Risk sentiment looking slightly more positive this morning.
In Asia, the ASX closed down 0.27%, Japan returned from holiday to post a a minuscule gain in the Nikkei.
S.Korea's KOSPI fell ~3% during the session, but later recovered to -0.7%.
South Korea’s financial regulator said it will lift its ban on short selling of listed shares starting March 15 - the ban was introduced in March last year (amid the Covid fallout) to curb speculative trading.
KOSPI has gained almost 120% since the ban - guess the plan worked?
U.S. futures starting to perk up, commodity currencies & GBP gaining against the USD.
Bitcoin & Ether both looking to push higher after the recent selloff.
The U.S. 10 year now yields ~1.15%, as the reflation trade picks up steam, and positiver comments from Fed officials.
Federal Reserve officials said that more fiscal support and the mass distribution of vaccines could lead to a strong U.S. economic recovery in the second half, setting the stage for a discussion of potential tapering of bond buying before year’s end.
“I do think you’re looking at a second half that is going to be very strong and the question I think is how do we get through where we are today to that second half,” Fed Richmond Bank President Thomas Barkin, who votes on monetary policy this year, told CNBC in an interview Monday.
The Fed last month signaled interest rates would stay near zero at least through 2023 and said it would keep buying bonds at a $120 billion monthly pace until it has seen “substantial further progress” toward its goals for employment and inflation.
“I’m open to that” potential late-2021 tapering, Fed Atlanta Bank President Raphael Bostic told reporters after a speech earlier in the day. “A lot of it will depend on how the virus and the vaccine distribution goes. But if it goes well -- if we learn quickly -- I think there is some good upside potential.”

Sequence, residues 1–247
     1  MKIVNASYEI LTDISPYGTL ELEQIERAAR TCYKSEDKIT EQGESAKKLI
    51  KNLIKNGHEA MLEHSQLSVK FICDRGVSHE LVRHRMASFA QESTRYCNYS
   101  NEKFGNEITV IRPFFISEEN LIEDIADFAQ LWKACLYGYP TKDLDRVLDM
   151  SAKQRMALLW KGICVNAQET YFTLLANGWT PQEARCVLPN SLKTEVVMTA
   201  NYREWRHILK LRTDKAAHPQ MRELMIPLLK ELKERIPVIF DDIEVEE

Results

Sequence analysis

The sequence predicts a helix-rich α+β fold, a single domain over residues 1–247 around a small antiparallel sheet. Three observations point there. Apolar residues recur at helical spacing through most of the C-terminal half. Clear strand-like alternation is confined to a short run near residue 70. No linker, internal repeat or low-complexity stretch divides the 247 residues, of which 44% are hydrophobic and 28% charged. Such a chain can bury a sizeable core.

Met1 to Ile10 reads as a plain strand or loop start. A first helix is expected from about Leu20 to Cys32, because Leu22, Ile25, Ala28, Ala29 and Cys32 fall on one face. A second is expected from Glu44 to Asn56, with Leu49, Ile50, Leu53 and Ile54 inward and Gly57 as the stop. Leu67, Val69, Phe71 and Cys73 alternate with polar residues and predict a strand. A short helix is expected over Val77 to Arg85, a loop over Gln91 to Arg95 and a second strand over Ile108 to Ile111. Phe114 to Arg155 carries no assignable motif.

Dallas Fed chief Robert Kaplan, speaking later on Monday, said he was hopeful the economy would rebound sufficiently to at least allow the conversation about tapering to begin later in 2021.
ed officials have stressed that tapering of bond buying would be communicated well in advance to avoid a surge in Treasury bond yields. Vice Chair Richard Clarida said Friday he doesn’t expect the central bank to begin tapering its asset purchases this year despite an expected strengthening of the economy.
The debate recalls the 2013 taper tantrum, when the unexpected disclosure by then-Fed Chairman Ben Bernanke that officials were thinking about dialing back their asset purchases provoked violent financial market volatility. Barkin made clear that they did not want a repeat.
“I think we have learned lessons certainly from six or seven years ago,” he said, noting that Fed Chair Jerome Powell was at the central bank during that episode. “I expect us to do our best to communicate well there.”